The Budget and Rules committees of the statewide commission overseeing the state Department of Human Services will meet publicly and comply with Open Meeting Act requirements, the Tulsa World reported Monday.
“We are a public agency serving more of the public than any other agency and need to be as open as possible. It’s all about the public, not about us,” said Brad Yarbrough, chairman of the Oklahoma Commission for Human Services.
That’s a big step forward for a public body that wasn’t too keen on open government until Yarbrough was appointed chairman by Gov. Mary Fallin in the fall.
But the story indicates that public notices and agendas won’t be posted for two of the commission’s six standing committees.
Yarbrough told the Tulsa World that the Special Review Committee and the Evaluation and Compensation Review Committee will be closed because of separate statutory exemptions for confidential child- and adult-welfare information and for considering pending personnel actions.
Why shouldn’t public notice and agendas be posted for those committees as well?
This is especially true for the Evaluation and Compensation Review Committee, which seems to act as the commission’s personnel committee.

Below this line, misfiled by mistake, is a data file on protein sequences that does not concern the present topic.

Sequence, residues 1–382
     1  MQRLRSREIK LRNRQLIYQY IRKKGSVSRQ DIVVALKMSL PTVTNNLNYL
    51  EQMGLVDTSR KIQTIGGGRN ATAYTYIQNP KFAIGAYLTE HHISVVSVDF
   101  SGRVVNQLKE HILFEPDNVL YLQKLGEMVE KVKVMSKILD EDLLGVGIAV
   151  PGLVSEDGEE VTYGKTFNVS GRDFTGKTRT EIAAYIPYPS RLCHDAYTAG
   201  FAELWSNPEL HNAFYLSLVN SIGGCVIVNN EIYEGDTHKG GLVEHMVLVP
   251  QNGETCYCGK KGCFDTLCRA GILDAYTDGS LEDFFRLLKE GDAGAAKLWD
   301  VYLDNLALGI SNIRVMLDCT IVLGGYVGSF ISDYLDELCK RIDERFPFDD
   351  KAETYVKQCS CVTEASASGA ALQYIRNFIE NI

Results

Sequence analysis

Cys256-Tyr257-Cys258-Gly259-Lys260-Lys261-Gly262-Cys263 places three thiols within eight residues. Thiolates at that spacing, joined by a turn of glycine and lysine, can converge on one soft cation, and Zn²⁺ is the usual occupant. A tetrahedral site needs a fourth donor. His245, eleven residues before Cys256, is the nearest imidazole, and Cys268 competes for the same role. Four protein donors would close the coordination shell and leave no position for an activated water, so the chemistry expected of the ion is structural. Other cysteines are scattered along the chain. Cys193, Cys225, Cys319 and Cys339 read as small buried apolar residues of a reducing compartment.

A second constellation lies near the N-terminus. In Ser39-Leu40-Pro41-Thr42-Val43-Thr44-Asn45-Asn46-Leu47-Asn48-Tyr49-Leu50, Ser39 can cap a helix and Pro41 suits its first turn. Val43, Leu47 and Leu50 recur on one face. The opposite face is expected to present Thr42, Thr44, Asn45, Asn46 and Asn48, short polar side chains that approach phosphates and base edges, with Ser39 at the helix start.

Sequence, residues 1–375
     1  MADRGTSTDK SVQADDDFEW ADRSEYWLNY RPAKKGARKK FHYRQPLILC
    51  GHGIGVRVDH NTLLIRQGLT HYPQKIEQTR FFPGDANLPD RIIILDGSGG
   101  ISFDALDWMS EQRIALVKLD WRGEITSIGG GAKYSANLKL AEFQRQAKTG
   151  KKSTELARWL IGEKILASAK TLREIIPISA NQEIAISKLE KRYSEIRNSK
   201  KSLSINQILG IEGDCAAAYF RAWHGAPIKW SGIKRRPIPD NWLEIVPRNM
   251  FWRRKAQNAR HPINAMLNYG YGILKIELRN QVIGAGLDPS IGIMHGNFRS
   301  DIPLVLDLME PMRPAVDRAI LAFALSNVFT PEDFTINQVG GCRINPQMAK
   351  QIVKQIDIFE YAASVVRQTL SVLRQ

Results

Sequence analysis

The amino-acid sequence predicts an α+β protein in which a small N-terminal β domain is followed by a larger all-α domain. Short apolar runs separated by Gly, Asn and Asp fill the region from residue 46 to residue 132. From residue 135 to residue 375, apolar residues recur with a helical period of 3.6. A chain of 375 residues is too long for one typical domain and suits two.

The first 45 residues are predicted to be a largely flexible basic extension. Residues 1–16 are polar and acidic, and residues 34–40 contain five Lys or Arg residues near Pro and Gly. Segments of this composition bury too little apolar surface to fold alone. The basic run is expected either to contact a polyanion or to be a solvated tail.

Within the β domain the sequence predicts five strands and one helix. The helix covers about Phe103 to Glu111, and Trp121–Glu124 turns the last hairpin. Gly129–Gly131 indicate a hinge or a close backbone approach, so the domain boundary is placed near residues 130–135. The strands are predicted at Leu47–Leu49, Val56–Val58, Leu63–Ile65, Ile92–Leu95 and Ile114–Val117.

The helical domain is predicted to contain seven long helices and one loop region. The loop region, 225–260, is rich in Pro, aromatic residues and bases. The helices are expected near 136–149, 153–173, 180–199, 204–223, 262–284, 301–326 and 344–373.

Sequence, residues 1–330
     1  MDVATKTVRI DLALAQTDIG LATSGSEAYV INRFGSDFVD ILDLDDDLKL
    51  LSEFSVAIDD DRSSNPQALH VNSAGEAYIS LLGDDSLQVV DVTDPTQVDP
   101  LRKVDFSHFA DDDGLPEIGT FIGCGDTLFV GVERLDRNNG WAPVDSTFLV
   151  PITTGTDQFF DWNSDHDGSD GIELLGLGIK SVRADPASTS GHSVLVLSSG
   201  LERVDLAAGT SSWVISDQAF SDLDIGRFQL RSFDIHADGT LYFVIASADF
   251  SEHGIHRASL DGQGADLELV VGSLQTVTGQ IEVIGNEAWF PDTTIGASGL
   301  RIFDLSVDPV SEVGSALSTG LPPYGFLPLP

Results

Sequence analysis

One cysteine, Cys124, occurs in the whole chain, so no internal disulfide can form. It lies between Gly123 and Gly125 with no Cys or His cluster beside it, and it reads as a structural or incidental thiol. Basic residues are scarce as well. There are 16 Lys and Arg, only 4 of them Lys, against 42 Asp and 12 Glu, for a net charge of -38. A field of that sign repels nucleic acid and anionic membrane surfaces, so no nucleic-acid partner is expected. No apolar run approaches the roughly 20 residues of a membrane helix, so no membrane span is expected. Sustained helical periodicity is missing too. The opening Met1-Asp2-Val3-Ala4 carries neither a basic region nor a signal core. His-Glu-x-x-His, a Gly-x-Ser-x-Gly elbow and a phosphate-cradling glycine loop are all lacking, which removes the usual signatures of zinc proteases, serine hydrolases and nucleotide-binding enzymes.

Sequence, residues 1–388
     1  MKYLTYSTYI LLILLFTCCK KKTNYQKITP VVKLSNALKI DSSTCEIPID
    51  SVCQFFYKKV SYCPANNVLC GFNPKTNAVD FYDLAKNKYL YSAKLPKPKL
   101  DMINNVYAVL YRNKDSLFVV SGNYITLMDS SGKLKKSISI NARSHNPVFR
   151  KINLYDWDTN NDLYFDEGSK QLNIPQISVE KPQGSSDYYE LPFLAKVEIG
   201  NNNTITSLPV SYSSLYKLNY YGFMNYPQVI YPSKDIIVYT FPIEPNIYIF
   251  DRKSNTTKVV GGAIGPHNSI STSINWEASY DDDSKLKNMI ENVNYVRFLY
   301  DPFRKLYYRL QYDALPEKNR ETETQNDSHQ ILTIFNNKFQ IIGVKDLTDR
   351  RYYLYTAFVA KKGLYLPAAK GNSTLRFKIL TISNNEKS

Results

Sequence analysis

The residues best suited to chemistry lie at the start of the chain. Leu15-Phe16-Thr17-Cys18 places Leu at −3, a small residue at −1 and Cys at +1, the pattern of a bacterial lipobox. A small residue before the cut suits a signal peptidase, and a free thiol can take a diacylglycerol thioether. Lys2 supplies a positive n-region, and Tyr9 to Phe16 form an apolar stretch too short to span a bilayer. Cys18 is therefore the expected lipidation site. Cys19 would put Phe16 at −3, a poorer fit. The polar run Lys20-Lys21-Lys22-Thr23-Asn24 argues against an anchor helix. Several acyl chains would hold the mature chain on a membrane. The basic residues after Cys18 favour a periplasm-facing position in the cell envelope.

Under the Open Meeting Act, a public body may meet in executive session to discuss “the employment, hiring, appointment, promotion, demotion, disciplining or resignation of any individual salaried public officer or employee.” (OKLA. STAT. tit. 25, § 307(B)(1))
But such closed-door discussions may occur only if the executive session is listed with sufficient information on the publicly posted agenda and only after the officials vote in open session to go into executive session. (OKLA. STAT. tit. 25, § 311(B)(2)(a-c))
And an AG opinion requires that the names or unique titles of those employees be listed on the meeting agenda. (1997 OK AG 61, ¶ 5)
On Tuesday, I sent emails to DHS spokeswoman Sheree Powell and Diane Clay of the state Attorney General’s Office asking whether another state statute requires the evaluation committee to meet without posting public notice and an agenda.
They haven’t responded.
Yarbrough had told the Tulsa World his first action as chairman was to contact Attorney General Scott Pruitt’s office for help.
“I asked for help in determining what might be the best process for building and posting the agenda,” he said. “They are now reviewing those before they are posted to ensure we are complying with the Oklahoma Open Meeting Act.
“Because the commission was being looked at by the district attorney of Oklahoma County for alleged violations of the Open Meeting Act, I felt it was very important to work with officials outside the agency to make sure we are doing things by the law.”
But more openness is called for.
In lieu of a state statute requiring complete secrecy, all the commission’s committees should meet publicly and follow the Open Meeting Act requirements for entering into executive sessions.
Joey Senat, Ph.D.
OSU School of Media & Strategic Communications
The opinions expressed in this blog are those of the commentators and do not necessarily represent the position of FOI Oklahoma Inc., its staff, or its board of directors. Differing interpretations of open government law and policy are welcome.